Small Business BC
601 West Cordova Street Vancouver BC V6B 1G1 Phone: 604-775-5525 In BC: 1- 800- 667-2272 Fax: 604-775-5520 http://www.smallbusinessbc.ca Reviewed: October 2004

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other services or products, or simply not strong enough in the marketplace. The key components to developing a competitive advantage are: • • • • Determine what is most important to your customers. Ensure your company has the resources to promote and deliver these benefits. Provide the greatest perceived advantage over your competitors. Promote benefits competitors will find hard to match.

Once you have documented your competitive advantages, you can determine which benefits you want to use to position your company. 3. Communicate and deliver your company’s position to the target market. It is essential for all of your marketing materials to support the position or image you are creating. For example, if the company decides to build a position on better service, it must ensure excellent service is delivered. Along with hiring and training staff on the components of delivering superior customer service, the company’s advertising and sales messages would consistently communicate its commitment to providing superior service. A company must know its present and potential competitors. Examine their strengths and weaknesses. Then, selecting a market position that provides a competitive advantage will be clearer. Your overall position should emphasize those factors that your customers value most, and those which make you stand out from your competition.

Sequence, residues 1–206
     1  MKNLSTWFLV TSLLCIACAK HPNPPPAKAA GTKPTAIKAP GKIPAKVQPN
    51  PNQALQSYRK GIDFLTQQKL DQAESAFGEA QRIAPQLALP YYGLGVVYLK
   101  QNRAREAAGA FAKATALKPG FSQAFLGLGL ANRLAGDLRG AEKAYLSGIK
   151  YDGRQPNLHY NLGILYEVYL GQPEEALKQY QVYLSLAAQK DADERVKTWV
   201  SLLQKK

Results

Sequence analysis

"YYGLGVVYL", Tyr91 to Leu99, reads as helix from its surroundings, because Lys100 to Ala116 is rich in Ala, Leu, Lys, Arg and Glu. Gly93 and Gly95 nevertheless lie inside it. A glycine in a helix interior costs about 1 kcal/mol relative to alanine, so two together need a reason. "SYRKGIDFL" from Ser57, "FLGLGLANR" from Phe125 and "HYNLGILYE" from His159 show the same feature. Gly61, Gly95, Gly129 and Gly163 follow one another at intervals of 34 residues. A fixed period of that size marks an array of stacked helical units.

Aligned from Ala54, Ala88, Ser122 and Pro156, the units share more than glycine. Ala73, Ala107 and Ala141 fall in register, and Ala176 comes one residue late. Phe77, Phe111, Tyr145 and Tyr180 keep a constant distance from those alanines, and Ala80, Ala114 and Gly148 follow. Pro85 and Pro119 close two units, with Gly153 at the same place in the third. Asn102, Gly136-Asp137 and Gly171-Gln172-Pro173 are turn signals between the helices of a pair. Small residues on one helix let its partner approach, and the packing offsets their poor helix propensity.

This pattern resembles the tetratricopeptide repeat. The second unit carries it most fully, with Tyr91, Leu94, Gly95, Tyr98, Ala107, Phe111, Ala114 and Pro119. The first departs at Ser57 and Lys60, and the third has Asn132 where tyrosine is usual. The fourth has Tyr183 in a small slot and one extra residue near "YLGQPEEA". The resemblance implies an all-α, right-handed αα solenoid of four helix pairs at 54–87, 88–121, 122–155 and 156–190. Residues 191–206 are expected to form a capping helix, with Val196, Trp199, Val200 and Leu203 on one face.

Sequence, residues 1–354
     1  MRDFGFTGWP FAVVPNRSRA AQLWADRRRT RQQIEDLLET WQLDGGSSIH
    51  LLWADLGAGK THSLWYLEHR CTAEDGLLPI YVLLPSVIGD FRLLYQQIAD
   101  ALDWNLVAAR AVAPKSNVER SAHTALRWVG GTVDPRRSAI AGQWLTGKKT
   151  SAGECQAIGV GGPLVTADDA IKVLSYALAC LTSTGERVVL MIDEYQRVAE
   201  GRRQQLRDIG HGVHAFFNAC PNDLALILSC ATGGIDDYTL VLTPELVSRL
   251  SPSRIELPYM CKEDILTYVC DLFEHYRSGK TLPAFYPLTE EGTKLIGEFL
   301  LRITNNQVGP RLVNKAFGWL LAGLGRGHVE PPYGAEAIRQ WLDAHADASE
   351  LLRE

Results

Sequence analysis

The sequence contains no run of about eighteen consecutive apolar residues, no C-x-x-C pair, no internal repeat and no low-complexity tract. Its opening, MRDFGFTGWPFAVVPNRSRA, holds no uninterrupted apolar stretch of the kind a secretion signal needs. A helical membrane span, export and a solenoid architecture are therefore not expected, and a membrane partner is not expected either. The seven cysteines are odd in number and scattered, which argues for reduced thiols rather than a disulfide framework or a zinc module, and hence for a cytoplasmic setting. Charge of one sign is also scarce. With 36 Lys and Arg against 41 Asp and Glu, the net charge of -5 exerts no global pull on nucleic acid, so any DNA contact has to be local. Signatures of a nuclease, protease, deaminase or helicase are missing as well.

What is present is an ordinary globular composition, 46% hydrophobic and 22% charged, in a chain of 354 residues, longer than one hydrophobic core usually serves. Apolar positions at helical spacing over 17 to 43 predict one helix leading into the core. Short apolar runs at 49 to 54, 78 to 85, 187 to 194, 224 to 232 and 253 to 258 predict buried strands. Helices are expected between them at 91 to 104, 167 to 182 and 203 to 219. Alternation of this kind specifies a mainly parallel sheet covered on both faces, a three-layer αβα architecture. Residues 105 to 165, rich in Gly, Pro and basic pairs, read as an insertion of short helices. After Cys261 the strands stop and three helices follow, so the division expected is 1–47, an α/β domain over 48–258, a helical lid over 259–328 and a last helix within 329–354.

Market Research